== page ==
Hurriyet’s ‘military unease’ headline angers Erdogan
Headline alleging there is an ‘unease’ at the country’s military headquarters angers President Erdogan.
The editor-in-chief of Turkey’s flagship daily newspaper Hurriyet has been dismissed from his role days after the paper published a news article, titled “Unease at the military headquarters”.
According to Turkish media reports, the headline angered President Recep Tayyip Erdogan and the Turkish government, leading to the removal of Sedat Ergin, Hurriyet’s veteran editor.
Ergin, a journalist and political commentator, was appointed as the editor-in-chief of Hurriyet in August 2014.
Saturday’s news story, filed by Hurriyet’s Ankara bureau chief Hande Firat, was focusing on how the General Staff, the highest military body in the country, evaluated the criticism and speculation directed at the Turkish armed forces following last year’s failed coup attempt.
Firat was the first journalist to put Erdogan on air via FaceTime on the night of the coup attempt , during which she still worked as the Ankara representative of CNN Turk.
Her report also claimed that last week’s end to the headscarf ban in the military, military chief Hulusi Akar’s foreign visits with Erdogan, and his recent visit to the Kardak Islets in the Aegean Sea – a piece of uninhabitable land that brought Turkey and Greece to the verge of a war in the 1990s – have attracted criticism from certain circles within the military.
Hurriyet, in a statement published on Tuesday, said the report was “based completely on an institutional briefing by the Turkish General Staff”.
Erdogan and several Turkish media organisations argued that the choice of language in the headline of the article and claims within the text echoed news reports which preceded military interventions of the past.
“I tell you straight, the [story’s] headline showed rudeness, a lack of character,” Erdogan told reporters on Tuesday.
READ MORE: Turkey’s failed coup attempt – All you need to know
“Neither the newspaper’s management nor the staff have the right to write such a headline. Some legal steps have been taken and we will follow this. Because there is no right and no authority to set state institutions against each other,” he said.
‘Unfounded and ill-intentioned’
After Erdogan’s comments, the Turkish military, which did not deny the contents of the article or criticise the choice of headline for four days following its publication on Saturday, issued a statement and said the report was ” unfounded and ill-intentioned”.
“We regret efforts to blur the agenda with allegations and defamation at a time when the Euphrates Shield operation [in northern Syria] is progressing successfully,” the military said on Tuesday. “Suggesting that there are problems between the Turkish armed forces and the government distorts the issue.”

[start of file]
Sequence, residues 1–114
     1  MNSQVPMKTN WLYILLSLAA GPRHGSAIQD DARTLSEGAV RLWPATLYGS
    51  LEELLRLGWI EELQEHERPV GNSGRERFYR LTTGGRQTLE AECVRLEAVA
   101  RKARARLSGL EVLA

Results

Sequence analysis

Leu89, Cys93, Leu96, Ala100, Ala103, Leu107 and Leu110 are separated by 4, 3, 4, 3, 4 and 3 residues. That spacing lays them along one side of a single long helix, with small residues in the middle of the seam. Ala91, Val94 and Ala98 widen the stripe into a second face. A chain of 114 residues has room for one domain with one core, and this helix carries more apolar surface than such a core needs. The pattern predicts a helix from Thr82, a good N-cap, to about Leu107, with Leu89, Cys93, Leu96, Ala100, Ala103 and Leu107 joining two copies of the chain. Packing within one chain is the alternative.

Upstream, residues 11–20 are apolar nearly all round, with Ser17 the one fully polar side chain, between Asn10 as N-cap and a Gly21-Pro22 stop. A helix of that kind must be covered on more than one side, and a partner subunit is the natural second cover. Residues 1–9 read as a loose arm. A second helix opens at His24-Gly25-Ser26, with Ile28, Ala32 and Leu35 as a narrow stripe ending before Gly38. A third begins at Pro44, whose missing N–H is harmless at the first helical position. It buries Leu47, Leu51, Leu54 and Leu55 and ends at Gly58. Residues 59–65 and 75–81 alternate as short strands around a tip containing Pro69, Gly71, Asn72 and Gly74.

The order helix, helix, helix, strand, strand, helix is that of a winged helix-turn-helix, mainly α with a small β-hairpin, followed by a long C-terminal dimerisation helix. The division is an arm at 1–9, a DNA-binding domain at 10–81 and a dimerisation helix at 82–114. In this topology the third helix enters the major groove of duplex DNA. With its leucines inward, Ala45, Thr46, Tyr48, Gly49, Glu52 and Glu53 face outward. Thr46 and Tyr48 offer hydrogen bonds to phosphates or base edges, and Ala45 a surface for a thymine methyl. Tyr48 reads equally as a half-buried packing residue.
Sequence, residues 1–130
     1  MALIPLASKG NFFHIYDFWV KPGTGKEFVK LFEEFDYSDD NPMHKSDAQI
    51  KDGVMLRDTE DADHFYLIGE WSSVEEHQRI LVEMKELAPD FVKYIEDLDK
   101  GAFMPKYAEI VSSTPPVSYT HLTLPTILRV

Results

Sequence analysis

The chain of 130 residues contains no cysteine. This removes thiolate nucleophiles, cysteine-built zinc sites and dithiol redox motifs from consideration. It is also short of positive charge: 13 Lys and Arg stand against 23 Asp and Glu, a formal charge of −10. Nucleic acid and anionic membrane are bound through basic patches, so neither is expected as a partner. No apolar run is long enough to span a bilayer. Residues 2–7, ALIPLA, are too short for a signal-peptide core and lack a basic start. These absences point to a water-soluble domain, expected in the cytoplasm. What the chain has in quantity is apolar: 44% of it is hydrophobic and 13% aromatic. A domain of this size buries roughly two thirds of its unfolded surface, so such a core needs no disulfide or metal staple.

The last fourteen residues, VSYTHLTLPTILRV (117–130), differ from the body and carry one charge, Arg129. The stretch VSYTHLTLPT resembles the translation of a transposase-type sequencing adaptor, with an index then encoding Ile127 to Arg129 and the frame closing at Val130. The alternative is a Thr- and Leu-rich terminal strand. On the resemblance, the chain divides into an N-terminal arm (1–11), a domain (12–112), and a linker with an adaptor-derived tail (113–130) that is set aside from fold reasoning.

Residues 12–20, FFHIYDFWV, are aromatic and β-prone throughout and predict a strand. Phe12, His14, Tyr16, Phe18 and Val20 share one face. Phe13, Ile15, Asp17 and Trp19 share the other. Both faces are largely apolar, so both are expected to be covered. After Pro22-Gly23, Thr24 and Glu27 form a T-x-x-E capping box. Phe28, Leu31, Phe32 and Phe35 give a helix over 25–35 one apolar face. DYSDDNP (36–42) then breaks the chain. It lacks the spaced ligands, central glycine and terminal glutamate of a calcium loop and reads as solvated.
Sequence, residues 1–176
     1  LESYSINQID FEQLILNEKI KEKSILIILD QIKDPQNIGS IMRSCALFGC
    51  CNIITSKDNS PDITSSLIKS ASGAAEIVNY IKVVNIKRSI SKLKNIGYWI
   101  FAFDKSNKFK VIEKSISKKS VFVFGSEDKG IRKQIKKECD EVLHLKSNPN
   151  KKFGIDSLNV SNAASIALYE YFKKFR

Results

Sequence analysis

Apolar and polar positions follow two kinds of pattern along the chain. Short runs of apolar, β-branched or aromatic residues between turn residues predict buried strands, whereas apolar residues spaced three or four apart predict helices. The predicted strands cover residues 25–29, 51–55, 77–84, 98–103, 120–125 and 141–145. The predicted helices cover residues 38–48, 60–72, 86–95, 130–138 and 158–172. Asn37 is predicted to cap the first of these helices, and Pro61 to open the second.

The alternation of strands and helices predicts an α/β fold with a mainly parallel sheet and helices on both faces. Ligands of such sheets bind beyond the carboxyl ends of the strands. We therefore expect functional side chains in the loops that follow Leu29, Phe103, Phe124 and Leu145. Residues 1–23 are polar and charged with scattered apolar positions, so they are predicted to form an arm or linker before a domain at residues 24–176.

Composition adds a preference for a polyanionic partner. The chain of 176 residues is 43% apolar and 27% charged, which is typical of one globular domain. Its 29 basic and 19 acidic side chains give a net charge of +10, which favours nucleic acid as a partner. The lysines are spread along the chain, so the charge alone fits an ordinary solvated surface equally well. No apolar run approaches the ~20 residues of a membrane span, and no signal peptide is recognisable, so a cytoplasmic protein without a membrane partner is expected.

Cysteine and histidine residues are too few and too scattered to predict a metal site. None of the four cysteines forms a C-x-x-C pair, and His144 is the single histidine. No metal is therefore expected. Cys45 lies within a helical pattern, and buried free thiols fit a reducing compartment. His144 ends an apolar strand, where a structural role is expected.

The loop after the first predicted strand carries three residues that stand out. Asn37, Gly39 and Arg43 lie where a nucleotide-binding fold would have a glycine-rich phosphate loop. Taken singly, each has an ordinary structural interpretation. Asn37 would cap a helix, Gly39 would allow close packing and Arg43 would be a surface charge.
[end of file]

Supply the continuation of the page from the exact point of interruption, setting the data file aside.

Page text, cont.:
Also on Tuesday, which was coincidentally the tenth anniversary of the last successful military intervention in Turkey’s history, Deputy Prime Minister Numan Kurtulmus said that armed forces were “working in harmony with the government”.
READ MORE: How will the military shake-up affect Turkey’s future?
In an obvious reference to Hurriyet’s headline, Kurtulmus said: “There is no uneasiness in the military, but it is obvious that some people in Turkey are disturbed by the fact that the Turkish armed forces are working in harmony with the government, which is elected as a result of the nation’s will.
“Everyone should mind their own business. The media should mind its own business, bureaucracy, military bureaucracy and government as well,” Kurtulmus added.
‘We are sorry’
Hurriyet, in a statement published on Tuesday, said it used the expression of “unease” in the story to explain the General Staff’s reaction to the claims and criticisms targeting it.
“However, unfortunately, after the story was published, we saw that this expression could be understood as if there was unease in the General Staff against the government,” the newspaper said.
“It didn’t cross our minds that such a meaning would be attributed to that headline. Such an intention is absolutely out of the question.”
The newspaper accepted that the headline can be seen as an editorial mistake that goes beyond its purpose. “For that, we are sorry,” it said.
“The weakening of our army and attempts to drag it into domestic politics are situations that every Turkish citizen should reject.
The army remaining under the orders of civilians that acquire their posts in elections is an essential condition for our democracy.”
Meanwhile, the Bakirkoy chief public prosecutor’s office in Istanbul has launched an investigation into Firat’s report following a complaint from an academic at Istanbul University, according to Turkey’s state-run Anadolu Agency.
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Fikret Bila, another veteran journalist and Hurriyet columnist, is officially appointed as Hurriyet’s editor-in-chief on Wednesday, according to Turkish media reports.
In its 95-year history the Turkish republic has faced three military coups, in 1960, 1980 and in 1997.
On February 28, 1997, the military presented the coalition led by Prime Minister Necmettin Erbakan with an ultimatum that led to its collapse.
It became known as the postmodern coup because of the absence of actual violence in the military’s replacement of the government.
During this “postmodern coup”, which was aiming to end the influence of political Islam in Turkish politics, most mainstream Turkish media organisations, including the Hurriyet daily, followed an editorial line sympathetic to the military.